More than 300 college and high school students from across the nation had their hands full at Northern Virginia Community College’s (NOVA) Woodbridge campus this weekend.
The third annual Innovation Hackathon event was held at the Regional Center for Workforce Education and Training (RCWET), according to a release.
The 36-hour competition offered various challenges that focused on developing applications, data visualization, information assurance and secure programming.
Teams who placed first, second and third won an Oculus Rift virtual reality headset, an HP Chromebook 14 G5, and an Amazon Echo.
Seven students received a $1,000 Hackathon award from the event’s sponsors.
Kenneth Fritzsche from the Office of Biometric Identity Management (OBIM) — which is within the National Protection and Programs Directorate — served as the Hackathon’s keynote speaker.
He asked students to explore career options in science, technology, engineering and math (STEM).
“STEM is more than just learning about science, technology, engineering and math courses, it’s also about learning how to think critically and become a problem solver,” Fritzsche said in a release. “The U.S. Bureau of Labor Statistics reported there will be a 73 percent increase of STEM career growth in the next seven years, with a focus in computer-related fields. This is your time to focus on what you want your career and future to look like after you complete your education.”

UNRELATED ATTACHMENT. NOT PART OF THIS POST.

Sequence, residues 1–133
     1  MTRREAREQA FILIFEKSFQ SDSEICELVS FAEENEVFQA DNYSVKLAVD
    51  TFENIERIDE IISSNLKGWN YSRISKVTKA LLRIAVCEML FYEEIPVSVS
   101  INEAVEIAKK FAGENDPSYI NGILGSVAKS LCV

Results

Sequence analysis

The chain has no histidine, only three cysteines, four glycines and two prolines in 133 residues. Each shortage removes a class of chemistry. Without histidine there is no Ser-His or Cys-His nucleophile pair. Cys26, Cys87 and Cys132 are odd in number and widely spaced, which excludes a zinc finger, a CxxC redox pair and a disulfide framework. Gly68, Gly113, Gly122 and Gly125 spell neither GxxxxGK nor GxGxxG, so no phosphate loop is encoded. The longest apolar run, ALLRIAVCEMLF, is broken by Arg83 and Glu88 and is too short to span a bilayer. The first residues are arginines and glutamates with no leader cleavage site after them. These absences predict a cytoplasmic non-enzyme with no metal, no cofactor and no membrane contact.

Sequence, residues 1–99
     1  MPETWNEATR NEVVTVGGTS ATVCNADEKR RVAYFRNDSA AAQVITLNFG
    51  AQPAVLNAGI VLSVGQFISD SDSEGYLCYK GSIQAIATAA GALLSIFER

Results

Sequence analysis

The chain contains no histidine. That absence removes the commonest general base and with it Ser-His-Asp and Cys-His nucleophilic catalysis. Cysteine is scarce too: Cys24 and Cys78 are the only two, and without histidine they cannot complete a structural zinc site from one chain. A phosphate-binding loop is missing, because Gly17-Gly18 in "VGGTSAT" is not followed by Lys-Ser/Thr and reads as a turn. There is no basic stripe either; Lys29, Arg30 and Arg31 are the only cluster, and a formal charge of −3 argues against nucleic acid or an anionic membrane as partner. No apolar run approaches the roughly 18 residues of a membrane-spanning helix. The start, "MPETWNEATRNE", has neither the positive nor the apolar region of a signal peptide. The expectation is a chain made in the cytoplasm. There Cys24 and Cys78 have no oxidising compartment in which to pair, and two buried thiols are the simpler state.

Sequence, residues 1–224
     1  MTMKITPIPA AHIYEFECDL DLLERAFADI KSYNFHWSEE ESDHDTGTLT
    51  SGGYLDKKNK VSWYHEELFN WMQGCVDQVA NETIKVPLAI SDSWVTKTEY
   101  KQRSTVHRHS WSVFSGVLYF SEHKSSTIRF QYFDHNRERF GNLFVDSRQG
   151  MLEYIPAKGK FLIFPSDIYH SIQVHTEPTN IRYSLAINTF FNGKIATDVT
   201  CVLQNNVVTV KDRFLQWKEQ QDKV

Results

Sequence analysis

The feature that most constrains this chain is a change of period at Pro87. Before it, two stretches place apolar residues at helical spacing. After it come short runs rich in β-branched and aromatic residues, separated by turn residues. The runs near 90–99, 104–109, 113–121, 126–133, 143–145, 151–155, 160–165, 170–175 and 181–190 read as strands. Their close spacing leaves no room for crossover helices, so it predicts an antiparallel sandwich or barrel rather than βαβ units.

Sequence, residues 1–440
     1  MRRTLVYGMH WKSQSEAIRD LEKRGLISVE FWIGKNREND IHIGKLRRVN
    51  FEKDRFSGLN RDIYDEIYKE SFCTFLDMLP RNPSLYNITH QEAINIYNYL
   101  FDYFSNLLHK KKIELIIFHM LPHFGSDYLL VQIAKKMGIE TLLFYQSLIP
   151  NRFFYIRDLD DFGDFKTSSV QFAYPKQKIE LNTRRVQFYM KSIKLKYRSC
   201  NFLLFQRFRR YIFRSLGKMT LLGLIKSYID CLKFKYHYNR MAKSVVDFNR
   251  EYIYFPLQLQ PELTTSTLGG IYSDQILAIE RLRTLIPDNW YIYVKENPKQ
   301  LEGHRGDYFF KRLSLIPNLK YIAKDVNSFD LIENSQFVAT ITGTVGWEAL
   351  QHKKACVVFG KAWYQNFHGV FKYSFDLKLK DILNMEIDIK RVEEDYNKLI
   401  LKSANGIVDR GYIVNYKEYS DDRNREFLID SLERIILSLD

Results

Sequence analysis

Several cybersecurity experts, including Picasso Global Technology Solutions Owner Stacey Lee-Curbean and Information Technology and Cybersecurity Specialist Marvin Marin, also spoke with participants.
Students had an opportunity to explore careers at a job fair held on Saturday.
Hassan Imtiaz, a student at NOVA’s Woodbridge campus, participated in the Innovation Hackathon for the first time this year.
“A few of my classmates who attended in previous years had mentioned how much they enjoyed participating and having the opportunity to network with corporate businesses and professionals,” Imtiaz said in a release.
Imtiaz has been interested in computers since childhood.
“When I moved to the U.S. in 2015 from Pakistan and later enrolled at NOVA, I knew I wanted to study IT, and so far I’ve already learned so much from the program,” Imtiaz said. “Events like the Hackathon only enhances my skills and ability to network with the right people to excel my career.”
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